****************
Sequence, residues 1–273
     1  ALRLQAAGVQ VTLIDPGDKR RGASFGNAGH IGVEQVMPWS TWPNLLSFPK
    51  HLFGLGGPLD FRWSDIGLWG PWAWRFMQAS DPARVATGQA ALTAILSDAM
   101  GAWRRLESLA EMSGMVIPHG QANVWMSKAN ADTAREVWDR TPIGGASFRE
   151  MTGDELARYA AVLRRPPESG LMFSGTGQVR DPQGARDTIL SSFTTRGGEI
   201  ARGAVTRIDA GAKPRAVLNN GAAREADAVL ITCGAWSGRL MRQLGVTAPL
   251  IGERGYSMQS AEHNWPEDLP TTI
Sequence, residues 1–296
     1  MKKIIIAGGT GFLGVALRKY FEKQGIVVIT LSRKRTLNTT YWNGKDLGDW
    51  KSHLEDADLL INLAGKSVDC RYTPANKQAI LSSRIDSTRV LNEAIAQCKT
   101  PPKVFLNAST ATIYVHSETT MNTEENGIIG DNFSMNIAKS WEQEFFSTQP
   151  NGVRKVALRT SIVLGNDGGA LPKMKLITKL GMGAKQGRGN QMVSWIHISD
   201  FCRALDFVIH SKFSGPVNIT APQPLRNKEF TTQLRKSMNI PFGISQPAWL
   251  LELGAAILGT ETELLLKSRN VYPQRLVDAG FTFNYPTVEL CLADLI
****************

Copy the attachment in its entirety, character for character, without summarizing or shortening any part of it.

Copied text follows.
Sequence, residues 1–273
     1  ALRLQAAGVQ VTLIDPGDKR RGASFGNAGH IGVEQVMPWS TWPNLLSFPK
    51  HLFGLGGPLD FRWSDIGLWG PWAWRFMQAS DPARVATGQA ALTAILSDAM
   101  GAWRRLESLA EMSGMVIPHG QANVWMSKAN ADTAREVWDR TPIGGASFRE
   151  MTGDELARYA AVLRRPPESG LMFSGTGQVR DPQGARDTIL SSFTTRGGEI
   201  ARGAVTRIDA GAKPRAVLNN GAAREADAVL ITCGAWSGRL MRQLGVTAPL
   251  IGERGYSMQS AEHNWPEDLP TTI
Sequence, residues 1–296
     1  MKKIIIAGGT GFLGVALRKY FEKQGIVVIT LSRKRTLNTT YWNGKDLGDW
    51  KSHLEDADLL INLAGKSVDC RYTPANKQAI LSSRIDSTRV LNEAIAQCKT
   101  PPKVFLNAST ATIYVHSETT MNTEENGIIG DNFSMNIAKS WEQEFFSTQP
   151  NGVRKVALRT SIVLGNDGGA LPKMKLITKL GMGAKQGRGN QMVSWIHISD
   201  FCRALDFVIH SKFSGPVNIT APQPLRNKEF TTQLRKSMNI PFGISQPAWL
   251  LELGAAILGT ETELLLKSRN VYPQRLVDAG FTFNYPTVEL CLADLI